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How, in your opinion, does Shakespeare use language throughout the play to present Cleopatra's

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ANTONY AND CLEOPATRA How, in your opinion, does Shakespeare use language throughout the play to present Cleopatra's "Infinite variety" to the audience? Enobarbus uses the phrase "infinite variety" to describe the beauty and wonder of Cleopatra to Agrippa and Maecenas in Act 2 Scene 2. In the context of the whole play I believe it is a perfect description of how Cleopatra uses the different aspects of her character. Shakespeare uses language, imagery and structure to show the different sides of her personality. This allows Cleopatra to be interpreted in many ways by the actress and the audience. One of the ways Shakespeare presents Cleopatra throughout the play is as a queen. Cleopatra's language emphasises her royal status in Act 3 Scene 7 when she says "as the president of my kingdom" to Enobarbus before the battle of Actium. Using the phrase "my kingdom" to refer to Egypt highlights her power and authority, which is used to win the argument with Enobarbus over her involvement in the battle. This shows how Cleopatra changes her character to best suit the situation. In both Antony and Cleopatra's final scenes Cleopatra is shown by Shakespeare to be a queen rather than a woman or lover. In Act 4 Scene 14 the character of Antony says to Cleopatra "I'm dying, Egypt, dying", this presents her as primarily a queen and a ruler. ...read more.


In Act 2 Scene 2 Enobarbus reveals to Agrippa and Maecenas that when Antony approached her Cleopatra suggested that "he became her guest" and therefore took charge of their potential relationship. From this quote it is clear that Cleopatra is not nervous amongst strangers or humbled by any person no matter how powerful. Shakespeare's Cleopatra is so strong willed and confident that the character has become the ultimate personification of a strong woman. Despite Cleopatra's strength Shakespeare also reveals the character's weaknesses, which include her normally hidden insecurities about her age and Antony's feelings for her. In Act 2 Scene 5 Cleopatra's self confidence falters when she fears Antony may love another woman. Upon hearing of Antony's sudden marriage to Octavia Shakespeare has Cleopatra inquire about Octavia's appearance to demonstrate her anxiety. She asks the messenger to quickly "report the feature of Octavia, her years", the fact that Cleopatra is firstly concerned about her looks and age highlights her insecurity about being middle aged. The way the messenger reports back to Cleopatra in Act 3 Scene 3 shows that her insecurity is obvious to those around her. The messenger attempts to please Cleopatra as, through her questions, she suggests the responses she needs to hear. Her sensitivity about her age is shown when in an attempt to emphasise Octavia's age the messenger falls below Cleopatra's. ...read more.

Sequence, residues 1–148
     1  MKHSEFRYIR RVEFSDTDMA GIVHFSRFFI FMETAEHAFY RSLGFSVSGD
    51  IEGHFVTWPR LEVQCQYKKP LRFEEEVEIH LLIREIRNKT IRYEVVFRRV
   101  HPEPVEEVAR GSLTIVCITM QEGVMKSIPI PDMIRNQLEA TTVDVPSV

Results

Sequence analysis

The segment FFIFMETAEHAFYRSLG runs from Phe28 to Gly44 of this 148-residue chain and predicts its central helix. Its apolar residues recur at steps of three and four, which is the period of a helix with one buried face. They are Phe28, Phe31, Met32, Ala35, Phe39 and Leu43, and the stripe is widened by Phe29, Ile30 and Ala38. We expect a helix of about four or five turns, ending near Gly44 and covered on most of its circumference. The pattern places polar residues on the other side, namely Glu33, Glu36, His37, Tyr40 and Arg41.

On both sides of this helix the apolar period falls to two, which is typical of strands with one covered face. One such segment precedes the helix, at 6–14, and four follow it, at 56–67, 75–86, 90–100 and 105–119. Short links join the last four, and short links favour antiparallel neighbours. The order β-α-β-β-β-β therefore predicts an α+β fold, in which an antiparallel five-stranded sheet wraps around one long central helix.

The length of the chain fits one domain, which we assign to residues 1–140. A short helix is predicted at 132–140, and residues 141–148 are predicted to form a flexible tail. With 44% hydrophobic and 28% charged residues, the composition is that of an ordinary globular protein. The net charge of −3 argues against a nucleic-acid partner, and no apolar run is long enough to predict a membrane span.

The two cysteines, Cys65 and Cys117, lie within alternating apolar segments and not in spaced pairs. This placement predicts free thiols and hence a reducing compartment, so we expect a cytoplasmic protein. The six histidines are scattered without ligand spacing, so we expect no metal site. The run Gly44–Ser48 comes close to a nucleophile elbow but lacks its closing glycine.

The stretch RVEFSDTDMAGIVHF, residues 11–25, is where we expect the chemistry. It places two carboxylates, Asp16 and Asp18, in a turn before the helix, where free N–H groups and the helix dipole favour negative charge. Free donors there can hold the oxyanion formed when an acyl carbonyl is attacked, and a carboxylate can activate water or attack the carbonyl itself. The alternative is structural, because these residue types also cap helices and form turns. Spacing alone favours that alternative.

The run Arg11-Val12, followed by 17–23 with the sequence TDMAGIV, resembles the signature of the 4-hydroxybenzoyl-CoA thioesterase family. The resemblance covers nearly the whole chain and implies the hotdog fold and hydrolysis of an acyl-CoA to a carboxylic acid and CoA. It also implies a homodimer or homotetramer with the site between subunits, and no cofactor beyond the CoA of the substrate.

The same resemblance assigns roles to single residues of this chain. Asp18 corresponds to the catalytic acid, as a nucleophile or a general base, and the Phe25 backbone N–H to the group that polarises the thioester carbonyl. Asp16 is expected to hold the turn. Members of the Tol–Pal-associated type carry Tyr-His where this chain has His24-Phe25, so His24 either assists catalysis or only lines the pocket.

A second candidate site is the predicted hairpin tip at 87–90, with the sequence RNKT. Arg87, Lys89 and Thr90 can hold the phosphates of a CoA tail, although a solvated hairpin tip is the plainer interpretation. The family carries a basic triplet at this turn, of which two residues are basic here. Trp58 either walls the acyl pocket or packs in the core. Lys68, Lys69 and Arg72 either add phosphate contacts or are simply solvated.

The "infinite variety" of Shakespeare's Cleopatra is what makes her such an interesting character. Shakespeare does not provide any definitive evidence on Cleopatra's genuine character and that allows different views to develop. I believe that her chameleon-like nature makes it difficult to evaluate the sincerity of her actions during the play. For example, the confusing incident involving Seleucus and Cleopatra's wealth in Act 5 Scene 2 shows her potential for deceit. This makes it hard to form an overall opinion of Cleopatra and her motives. But I think that Shakespeare presents Cleopatra as a very human character with contrasting strengths and weaknesses. Considering her effect on Antony's once great life it is fair to refer to her as a bad influence. However I do not think Cleopatra should be labeled a witch because I believe she didn't intentionally hurt Antony, though Antony's character was unfortunate to have been affected by Cleopatra and be manipulated by her so easily. Her naturally overpowering personality simply was not suitable to guide Antony successfully through the problems he faced. I feel that Cleopatra's special personality and "infinite variety", which was perfect for Egyptian life, was not right for the tactics and military battles involved in Antony's Roman power struggle. Cleopatra used the varying aspects of her character to find a role in his struggle. But unfortunately for Antony her only success was in the final scene where her deception of Caesar allowed her suicide and reunification with her lost Antony. WORD COUNT: 2,311. ...read more.

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